- August 21, 2020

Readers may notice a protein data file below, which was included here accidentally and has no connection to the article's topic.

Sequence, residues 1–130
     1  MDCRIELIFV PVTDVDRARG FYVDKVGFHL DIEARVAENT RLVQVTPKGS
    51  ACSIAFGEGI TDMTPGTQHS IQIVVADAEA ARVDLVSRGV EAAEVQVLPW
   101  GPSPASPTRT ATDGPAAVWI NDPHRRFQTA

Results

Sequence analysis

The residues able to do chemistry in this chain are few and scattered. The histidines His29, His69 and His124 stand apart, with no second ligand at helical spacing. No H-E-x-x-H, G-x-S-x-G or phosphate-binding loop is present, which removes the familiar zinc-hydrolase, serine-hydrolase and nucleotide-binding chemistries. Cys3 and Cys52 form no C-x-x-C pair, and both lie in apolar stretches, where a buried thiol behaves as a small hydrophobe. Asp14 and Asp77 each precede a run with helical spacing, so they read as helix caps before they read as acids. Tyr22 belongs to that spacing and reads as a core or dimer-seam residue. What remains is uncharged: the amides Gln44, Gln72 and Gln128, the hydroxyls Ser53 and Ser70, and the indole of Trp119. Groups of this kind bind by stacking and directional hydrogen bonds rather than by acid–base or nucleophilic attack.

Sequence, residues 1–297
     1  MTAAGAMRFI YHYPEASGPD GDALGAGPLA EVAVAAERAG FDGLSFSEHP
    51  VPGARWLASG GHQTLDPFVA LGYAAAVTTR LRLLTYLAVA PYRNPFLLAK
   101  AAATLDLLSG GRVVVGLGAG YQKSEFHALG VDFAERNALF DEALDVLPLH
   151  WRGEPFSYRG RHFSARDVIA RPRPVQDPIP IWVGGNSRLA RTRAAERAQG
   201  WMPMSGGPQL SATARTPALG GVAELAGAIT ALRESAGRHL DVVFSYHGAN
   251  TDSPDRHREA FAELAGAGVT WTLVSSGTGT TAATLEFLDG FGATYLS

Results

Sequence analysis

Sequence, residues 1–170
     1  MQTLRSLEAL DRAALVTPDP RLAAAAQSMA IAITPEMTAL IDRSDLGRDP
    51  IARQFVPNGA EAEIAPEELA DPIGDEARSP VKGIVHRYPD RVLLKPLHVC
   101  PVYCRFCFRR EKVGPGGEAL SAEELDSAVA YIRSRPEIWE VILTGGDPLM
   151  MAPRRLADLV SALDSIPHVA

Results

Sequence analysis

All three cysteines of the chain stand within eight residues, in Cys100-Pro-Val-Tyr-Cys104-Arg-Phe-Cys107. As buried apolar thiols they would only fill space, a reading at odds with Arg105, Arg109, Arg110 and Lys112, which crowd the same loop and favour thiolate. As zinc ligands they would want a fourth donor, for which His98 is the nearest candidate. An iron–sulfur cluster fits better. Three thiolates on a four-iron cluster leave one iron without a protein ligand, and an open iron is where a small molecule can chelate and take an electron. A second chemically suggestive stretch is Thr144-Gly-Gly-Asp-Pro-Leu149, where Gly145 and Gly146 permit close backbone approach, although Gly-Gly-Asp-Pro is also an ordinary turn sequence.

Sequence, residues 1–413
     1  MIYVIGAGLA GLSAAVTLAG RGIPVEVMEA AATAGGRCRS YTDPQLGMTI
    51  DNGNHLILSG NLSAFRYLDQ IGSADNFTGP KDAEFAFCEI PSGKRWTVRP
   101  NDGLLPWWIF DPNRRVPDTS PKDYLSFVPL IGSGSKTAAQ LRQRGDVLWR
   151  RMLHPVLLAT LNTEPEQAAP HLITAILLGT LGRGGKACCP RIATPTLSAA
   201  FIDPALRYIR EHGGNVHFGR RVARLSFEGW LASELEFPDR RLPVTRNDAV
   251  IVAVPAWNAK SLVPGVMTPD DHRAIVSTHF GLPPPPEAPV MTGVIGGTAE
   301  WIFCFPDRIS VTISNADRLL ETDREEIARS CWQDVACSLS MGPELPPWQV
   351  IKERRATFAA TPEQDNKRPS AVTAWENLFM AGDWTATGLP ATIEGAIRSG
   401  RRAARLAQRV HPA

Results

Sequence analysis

IFN563 Project Specification Final design report and implementation Weight: 30% (single submission) Due: Friday in Week 6 (28 August 2020) Overview This assessment is individual work and all tasks are to be submitted via Blackboard. While you can discuss the assessment with your tutors and peers, your submissions must be your own original work. The objective of this assessment is to gain practical experience with object-oriented software development through object modelling with design diagrams and applying standard software design principles and patterns. This understanding is to be demonstrated by creating and documenting an object-oriented design and implement it using C# for a larger real-world motivated problem. Description You are to provide a reusable framework for two-player board games. To demonstrate that your framework can be easily adapted to different games, your design must accommodate all the following games in the same software: ● Gomoku aka Five in a Row. 15×15 board (you can use a smaller board if that helps UI), the first player forms an unbroken chain of five pieces horizontally, vertically, or diagonally. ● Reversi aka Othello. 8×8 board, the winner makes pieces of their colour constitute a majority of the pieces on the board at the end of the game. ● Nine Men’s Morris aka Mills. 24-intersections board, the first player leaves the opponent with fewer than three pieces or no legal moves. To demonstrate the feasibility and effectiveness of the design, you must implement one of the above games using C# that corresponds to your design. Requirements Your design should extract as much commonality as possible from the different games so that the framework is extensible and reusable for different games. Your design should cater for different modes of play, including: ● Human vs Human ● Computer vs Human With human players, the system must check the validity of moves as they are entered. With computer play, the user should be able to select amongst a range of possible strategies and/or levels of difficulty. You should implement at least the following two strategies: ● Random selection of a legal move ● Simple rules without thinking ahead The only thing the computer is concerned with is the present game state, without thinking any number of moves ahead. Thus, the computer will go for the currently best move (e.g. capturing most pieces, or avoid being captured, etc.) without thinking about the consequences in future moves. This algorithm is game-specific and requires appropriate board scoring functions, which you should invent and experiment with. Games should be able to be saved and restored from any state of play. Moves should be undoable and redoable. A game should be replayable from any position. This requirement applies to saved games as well (so the history of moves rather than just the current board state needs to be saved). You should provide at least a primitive online help system to assist users with the available commands. Comments on requirements The requirements are what you should aim to achieve in your project. Even if you are not able to implement all features, you should at least cover all requirements in your design. Some requirements may be vague and open to interpretation. As long as you clearly state any assumptions you make in your design report, we will accept reasonable interpretations. The important aspect is that your design for the core structure and functionality of the two- player board game meets the requirements, in a clear and easily understandable way. You should steer your design towards a general framework and consider your implementation as a proof-of-concept of your design, rather than a fully featured, highly intelligent gameplaying program. Be sure that your implementation must correspond to your design. Your implementation must be in C# and provide a 2D display (i.e. using either ASCII or Unicode on a command-line interface) of the game as it is played. Some marks have been allocated for usability, so be sure that whatever interface you use, the commands are simple and clear. The screenshot on the left shows a simple example of playing a game of Tic-tactoe by two human players, displayed in Unicode. Final design report and implementation(total weight: 30%) You should only submit one PDF document with no more than 10 pages in length (A4 page size with 2cm in margins on all sides; 12-point Times New Roman or 11-point Arial font or something equivalent, and in single space). Your design report should include: ● a statement of completion (half page), clearly declaring the requirements that have and haven’t been implemented. This declaration must be complete and accurate, in order to receive marks for the “Fulfilment of requirements” in the marking criteria. ● an overview of your final design (one page). You should provide a summary of changes from the preliminary design including both what and why changes were made. ● detailed design documents (at most four pages), including a class diagram, two object diagrams and two sequence diagrams. You don’t need to provide CRC cards, because they should be reflected in your class diagram. ● identification and brief justification of design principles and patterns that have been used (one or two pages). For each design pattern, you should indicate the participating classes (in design diagrams) and justify its use in your design with a few sentences. ● a brief document on how your program can be executed (at most one page). ● a short summary of classes/interfaces (one page) to be reused from existing libraries and frameworks. For example, if you use the Collections library, just list the classes you will use, without any further explanation. In this project, you will be marked for the simplicity and elegance of design. It is in your best interest to make your design as neat, clear and understandable as possible. In general, your detailed design should speak for itself. Only include explanations of your design where your intentions may not be clear, but this should mostly be covered by the use and justification of design principles and patterns as requested above. Implementation source code You must submit a working implementation including full C# source code. You should zip all your project files and upload this ZIP file onto IFN563 Blackboard website. Your class implementations must be strictly faithful to the documented class designs in your final design report. You do not need to provide a user guide or tutorial, but in your design report you must clearly document how your program can be executed. The submitted project files will be compiled and executed from Microsoft Visual Studio installed on QUT computers. You must make sure that your submitted code can be compiled and run properly from QUT computer labs (Microsoft Visual Studio 2019 with .NET Core). Uncompilable or inexecutable source code cannot be marked and will receive zero for implementation. Plagiarism undermines academic integrity and is not tolerated at QUT. All submissions may be scanned for code plagiarism against online code repositories.